With that long-winded introduction aside, let’s talk about some of the basics: the first steps for finding and photographing wildlife, and starting on your own personal journey as a wildlife photographer. I think the best tip I can give is to get outside while the animals you want to photograph are active. This was one of the first mistakes I made, but one that is easily correctable. If you’re taking your time getting out of bed in the morning, you’re not going to be out while many animals (birds included) are most active. For the most part, wildlife is active early in the morning (an hour before sunrise until 9 or 10am) and late in the afternoon (an hour and a half before sunset). Not only are these times best for animal activity, but they’re also the times during which you’ll most likely have the best sunlight. On sunny days, once the sun gets high in the sky, you’re left with harsh highlights and unflattering shadows. You may have heard the term “Golden Hour” – this refers to those same sets of hours. Use the sun to your advantage whenever possible.
Getting outside during the right hours goes hand in hand with simply getting out as often as you reasonably can. As with any hobby, wildlife photography requires a lot of practice. The more frequently you’re in the field, using your camera, the better. Don’t be afraid to take hundreds of photos in one session, especially when you’re first starting out. Sure, it’s going to be a lot to edit later, but that’s part of the fun (sometimes, anyway)! It is only by taking and editing a lot of different shots that you learn what works and what doesn’t with regard to how you’re setting up your camera. It’ll also help you develop your own style and learn the ins and outs of your post-processing software.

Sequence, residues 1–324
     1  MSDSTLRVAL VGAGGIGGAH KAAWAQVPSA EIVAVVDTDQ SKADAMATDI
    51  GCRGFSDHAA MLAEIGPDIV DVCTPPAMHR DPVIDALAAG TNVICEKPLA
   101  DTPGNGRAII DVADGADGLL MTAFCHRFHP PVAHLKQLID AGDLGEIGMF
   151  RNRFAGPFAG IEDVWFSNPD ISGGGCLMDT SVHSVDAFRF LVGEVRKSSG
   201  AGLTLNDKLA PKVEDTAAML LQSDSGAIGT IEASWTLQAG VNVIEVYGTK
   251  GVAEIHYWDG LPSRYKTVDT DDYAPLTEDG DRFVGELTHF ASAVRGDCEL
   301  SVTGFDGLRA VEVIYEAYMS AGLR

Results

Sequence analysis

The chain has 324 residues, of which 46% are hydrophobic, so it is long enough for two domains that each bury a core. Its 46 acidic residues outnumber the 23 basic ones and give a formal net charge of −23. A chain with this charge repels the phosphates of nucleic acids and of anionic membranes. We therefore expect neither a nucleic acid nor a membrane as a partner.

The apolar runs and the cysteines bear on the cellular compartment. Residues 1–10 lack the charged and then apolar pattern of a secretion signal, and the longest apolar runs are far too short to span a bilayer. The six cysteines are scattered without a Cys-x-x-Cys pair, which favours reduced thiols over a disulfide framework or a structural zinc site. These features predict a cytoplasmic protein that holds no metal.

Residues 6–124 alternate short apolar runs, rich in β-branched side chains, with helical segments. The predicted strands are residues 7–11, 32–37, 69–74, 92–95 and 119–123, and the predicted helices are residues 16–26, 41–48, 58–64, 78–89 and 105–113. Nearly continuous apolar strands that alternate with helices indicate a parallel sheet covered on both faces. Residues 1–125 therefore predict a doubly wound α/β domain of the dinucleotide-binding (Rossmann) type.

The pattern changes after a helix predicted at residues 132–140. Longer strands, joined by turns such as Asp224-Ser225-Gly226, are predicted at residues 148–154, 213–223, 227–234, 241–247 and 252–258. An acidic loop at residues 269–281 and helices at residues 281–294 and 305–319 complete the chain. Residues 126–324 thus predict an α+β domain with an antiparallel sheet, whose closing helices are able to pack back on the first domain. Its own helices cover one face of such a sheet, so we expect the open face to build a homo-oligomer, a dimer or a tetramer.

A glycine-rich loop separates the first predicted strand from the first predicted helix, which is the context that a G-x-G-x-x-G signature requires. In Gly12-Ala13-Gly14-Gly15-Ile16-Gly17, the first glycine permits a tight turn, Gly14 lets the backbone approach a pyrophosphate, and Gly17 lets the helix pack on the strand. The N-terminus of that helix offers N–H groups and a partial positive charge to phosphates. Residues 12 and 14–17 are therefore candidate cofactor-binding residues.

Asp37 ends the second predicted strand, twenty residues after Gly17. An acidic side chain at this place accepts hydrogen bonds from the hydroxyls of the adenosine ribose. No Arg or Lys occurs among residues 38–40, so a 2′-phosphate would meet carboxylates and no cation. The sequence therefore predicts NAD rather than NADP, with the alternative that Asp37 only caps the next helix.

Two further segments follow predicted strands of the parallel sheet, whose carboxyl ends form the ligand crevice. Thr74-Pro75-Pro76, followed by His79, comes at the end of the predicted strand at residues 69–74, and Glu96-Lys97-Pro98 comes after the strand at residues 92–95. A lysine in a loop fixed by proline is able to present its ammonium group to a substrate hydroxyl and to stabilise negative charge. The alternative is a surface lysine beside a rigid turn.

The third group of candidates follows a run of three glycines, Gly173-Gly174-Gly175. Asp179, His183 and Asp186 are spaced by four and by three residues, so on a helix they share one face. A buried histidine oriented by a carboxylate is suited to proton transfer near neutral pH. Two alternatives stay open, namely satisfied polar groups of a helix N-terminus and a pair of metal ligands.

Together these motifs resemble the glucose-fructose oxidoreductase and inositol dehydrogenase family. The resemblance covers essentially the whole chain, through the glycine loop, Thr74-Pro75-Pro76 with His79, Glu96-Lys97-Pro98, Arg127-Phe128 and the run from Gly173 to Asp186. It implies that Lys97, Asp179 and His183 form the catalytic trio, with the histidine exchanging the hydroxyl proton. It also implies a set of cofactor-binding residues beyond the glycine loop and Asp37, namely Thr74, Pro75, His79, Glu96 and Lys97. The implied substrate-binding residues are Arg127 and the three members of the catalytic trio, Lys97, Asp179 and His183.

While we’re on the topic of settings, you may be wondering just what mode to use – after all, there seems to be an infinite number of things you can change on a DSLR. These days I shoot full manual with only auto-ISO, but if I were starting over now, I’d probably stick with shutter priority. Many birds and animals are moving quickly and with a telephoto lens you want a shutter speed that can keep up with them AND your swinging of the lens. Shutter priority mode will let you set a shutter speed that the camera will then automatically adjust to meet. The general rule of thumb is to set a shutter speed of 1/focal length. This would mean, for example, if you’re shooting at 400mm, you should be using a minimum shutter speed of 1/400. Keep in mind that if you’re using a crop-sensor camera body, the crop factor also plays a part in the realized focal length (1/(focal length*crop factor)). Once you’re more comfortable with your camera, you will likely find that you can manage lower shutter speeds, especially with image-stabilized lenses. Eventually, you’ll be able to start working towards full manual mode, which will give you the ultimate in control over how your photos turn out.